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Oncology. 2001;61(1):79-89.

Inoculation of human interleukin-17 gene-transfected Meth-A fibrosarcoma cells induces T cell-dependent tumor-specific immunity in mice.

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First Department of Surgery, Shimane Medical University, Izumo, Shimane, Japan.



The biological activities of interleukin-17 (IL-17), a newly cloned cytokine, have not been fully elucidated. The present study was designed to assess the in vitro and in vivo effect of transfecting the IL-17 gene into tumor cells.


A complementary DNA (cDNA) encoding human IL-17 (hIL-17) was obtained by polymerase chain reaction amplification from the human CD4+ T cell cDNA library and inserted into the plasmid pRc/cytomegalovirus to construct an expression vector for the hIL-17 gene. Murine Meth-A fibrosarcoma cells were transfected with the hIL-17 gene using the lipofectin method. The hIL-17 gene-expressing clone (Meth-A/IL-17) was selected and analyzed for cytokine expression by Northern blot.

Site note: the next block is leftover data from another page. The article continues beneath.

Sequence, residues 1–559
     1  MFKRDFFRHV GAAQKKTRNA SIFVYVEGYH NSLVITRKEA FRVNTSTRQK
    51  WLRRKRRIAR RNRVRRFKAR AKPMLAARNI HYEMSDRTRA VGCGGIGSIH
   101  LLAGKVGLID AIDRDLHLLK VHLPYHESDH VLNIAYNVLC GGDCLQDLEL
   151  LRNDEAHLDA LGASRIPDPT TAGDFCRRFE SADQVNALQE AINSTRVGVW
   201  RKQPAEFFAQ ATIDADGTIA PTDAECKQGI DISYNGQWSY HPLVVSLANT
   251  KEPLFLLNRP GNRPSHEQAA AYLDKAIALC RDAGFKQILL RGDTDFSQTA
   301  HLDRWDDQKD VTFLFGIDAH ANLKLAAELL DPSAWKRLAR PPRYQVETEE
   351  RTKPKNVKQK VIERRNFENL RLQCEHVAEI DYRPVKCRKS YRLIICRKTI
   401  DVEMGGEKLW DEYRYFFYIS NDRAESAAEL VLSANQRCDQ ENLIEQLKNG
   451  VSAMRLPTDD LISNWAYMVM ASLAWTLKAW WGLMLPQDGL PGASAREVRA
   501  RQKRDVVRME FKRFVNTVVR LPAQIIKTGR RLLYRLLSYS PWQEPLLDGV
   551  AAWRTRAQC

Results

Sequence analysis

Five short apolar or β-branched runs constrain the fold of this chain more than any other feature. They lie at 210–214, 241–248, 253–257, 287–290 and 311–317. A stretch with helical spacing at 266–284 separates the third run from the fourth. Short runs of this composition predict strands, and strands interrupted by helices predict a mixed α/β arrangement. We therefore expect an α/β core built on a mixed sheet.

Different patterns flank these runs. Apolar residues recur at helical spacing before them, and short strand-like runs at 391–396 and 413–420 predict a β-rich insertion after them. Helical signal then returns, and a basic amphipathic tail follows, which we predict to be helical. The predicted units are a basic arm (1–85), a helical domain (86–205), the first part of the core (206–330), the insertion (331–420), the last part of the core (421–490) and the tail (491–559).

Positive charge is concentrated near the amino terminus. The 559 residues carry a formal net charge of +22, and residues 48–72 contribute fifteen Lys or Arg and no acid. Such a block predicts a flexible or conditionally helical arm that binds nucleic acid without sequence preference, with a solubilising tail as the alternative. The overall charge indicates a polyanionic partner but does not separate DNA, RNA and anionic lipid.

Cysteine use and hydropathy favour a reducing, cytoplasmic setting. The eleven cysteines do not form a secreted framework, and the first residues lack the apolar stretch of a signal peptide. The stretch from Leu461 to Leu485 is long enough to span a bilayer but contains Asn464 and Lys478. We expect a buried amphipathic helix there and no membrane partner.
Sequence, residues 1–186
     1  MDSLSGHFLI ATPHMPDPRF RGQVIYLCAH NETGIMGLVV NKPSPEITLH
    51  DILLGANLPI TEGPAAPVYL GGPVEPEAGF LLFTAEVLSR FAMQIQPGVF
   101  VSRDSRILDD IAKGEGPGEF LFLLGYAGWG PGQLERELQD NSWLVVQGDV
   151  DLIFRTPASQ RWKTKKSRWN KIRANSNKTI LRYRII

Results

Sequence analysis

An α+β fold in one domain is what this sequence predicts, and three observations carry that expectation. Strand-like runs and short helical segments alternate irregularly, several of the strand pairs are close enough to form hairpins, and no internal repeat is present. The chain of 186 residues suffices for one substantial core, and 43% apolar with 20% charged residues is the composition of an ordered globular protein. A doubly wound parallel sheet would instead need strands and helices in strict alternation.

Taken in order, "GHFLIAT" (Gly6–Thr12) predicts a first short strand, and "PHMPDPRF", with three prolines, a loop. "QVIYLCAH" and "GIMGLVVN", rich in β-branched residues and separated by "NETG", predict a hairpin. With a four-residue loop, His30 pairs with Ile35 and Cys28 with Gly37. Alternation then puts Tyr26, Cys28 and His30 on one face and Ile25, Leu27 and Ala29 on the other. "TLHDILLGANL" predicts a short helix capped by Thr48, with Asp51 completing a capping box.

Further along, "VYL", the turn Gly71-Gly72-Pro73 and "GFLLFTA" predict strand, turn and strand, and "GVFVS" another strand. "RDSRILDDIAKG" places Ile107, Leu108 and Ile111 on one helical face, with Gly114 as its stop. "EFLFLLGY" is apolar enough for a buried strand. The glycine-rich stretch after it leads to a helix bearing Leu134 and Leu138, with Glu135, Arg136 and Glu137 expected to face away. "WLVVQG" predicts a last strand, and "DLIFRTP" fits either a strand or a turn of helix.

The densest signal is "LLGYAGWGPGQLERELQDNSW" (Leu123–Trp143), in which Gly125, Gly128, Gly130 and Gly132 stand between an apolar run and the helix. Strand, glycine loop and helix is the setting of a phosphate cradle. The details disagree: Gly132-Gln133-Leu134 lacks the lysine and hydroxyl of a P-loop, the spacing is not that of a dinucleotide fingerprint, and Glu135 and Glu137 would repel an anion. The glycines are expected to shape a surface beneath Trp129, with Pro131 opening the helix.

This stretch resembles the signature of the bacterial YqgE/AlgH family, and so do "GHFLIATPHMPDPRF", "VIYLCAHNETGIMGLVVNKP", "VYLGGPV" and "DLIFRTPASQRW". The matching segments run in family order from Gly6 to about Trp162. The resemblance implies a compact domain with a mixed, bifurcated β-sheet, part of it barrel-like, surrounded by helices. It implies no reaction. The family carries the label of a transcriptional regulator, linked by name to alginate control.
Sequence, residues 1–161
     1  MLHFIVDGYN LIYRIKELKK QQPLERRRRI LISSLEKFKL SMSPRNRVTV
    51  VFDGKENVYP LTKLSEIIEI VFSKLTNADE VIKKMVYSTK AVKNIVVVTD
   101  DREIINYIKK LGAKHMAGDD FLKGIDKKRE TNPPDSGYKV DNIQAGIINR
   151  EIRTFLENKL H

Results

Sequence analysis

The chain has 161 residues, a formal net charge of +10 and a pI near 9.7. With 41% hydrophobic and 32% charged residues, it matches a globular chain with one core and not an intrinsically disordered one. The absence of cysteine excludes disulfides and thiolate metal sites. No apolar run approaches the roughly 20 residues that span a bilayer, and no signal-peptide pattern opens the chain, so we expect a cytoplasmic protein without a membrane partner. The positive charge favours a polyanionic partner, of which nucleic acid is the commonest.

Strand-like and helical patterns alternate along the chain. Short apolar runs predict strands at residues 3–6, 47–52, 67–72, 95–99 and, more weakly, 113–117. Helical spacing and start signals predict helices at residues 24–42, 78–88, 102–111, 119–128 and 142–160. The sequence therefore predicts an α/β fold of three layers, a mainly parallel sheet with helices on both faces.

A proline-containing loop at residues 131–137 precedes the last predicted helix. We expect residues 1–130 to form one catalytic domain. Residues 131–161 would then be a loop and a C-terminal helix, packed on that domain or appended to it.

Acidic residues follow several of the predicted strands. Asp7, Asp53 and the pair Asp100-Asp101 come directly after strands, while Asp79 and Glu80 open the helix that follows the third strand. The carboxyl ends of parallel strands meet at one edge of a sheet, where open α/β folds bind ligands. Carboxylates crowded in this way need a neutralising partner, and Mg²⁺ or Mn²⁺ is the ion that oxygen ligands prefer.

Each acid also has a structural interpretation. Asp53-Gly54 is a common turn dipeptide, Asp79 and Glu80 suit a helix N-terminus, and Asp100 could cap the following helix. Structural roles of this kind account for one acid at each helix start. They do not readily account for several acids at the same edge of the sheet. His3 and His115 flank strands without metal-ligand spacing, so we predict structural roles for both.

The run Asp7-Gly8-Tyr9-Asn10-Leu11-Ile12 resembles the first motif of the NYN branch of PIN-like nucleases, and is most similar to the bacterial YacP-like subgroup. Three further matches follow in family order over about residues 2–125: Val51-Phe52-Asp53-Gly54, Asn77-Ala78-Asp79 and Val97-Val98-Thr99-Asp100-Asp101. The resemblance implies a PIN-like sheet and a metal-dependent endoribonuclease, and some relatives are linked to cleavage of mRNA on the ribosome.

There was no significant difference in the in vitro proliferation rate among parent Meth-A, cells transfected with vector alone and Meth-A/IL-17 cells. When the tumor cells were transplanted subcutaneously into BALB/c nude (nu+/nu+) mice, there was no difference in in vivo growth rates among the three cell lines. Challenge with tumor cells in conventional BALB/c mice, however, resulted in the rejection of Meth-A/IL-17 cells, but the other two lines did grow. After immunization with Meth-A/IL-17 cells, the mice were rechallenged by parent Meth-A or syngeneic MOPC-104E plasmacytoma cells; the immunized mice rejected the Meth-A cells, but not the MOPC-104E cells. Injecting the anti-thy 1,2 (CD90), anti-CD4 or anti-CD8 monoclonal antibody into conventional BALB/c mice resulted in the resumption of in vivo growth of Meth-A/IL-17 cells, but injecting the anti-asialo GM1 antibody did not. Furthermore, flow cytometric analysis demonstrated a significant increase in the expression of major histocompatibility complex (MHC) class I and class II antigens and lymphocyte function-associated antigen-1 on Meth-A/IL-17 cells.


Meth-A cells transfected with the hIL-17 gene can induce tumor-specific antitumor immunity by augmenting the expression of MHC class I and II antigens, and both CD4+ and CD8+ T cells may play important roles in inducing antitumor immunity, suggesting the possibility of developing a tumor vaccine incorporating IL-17-transfected tumor cells.

[Indexed for MEDLINE]

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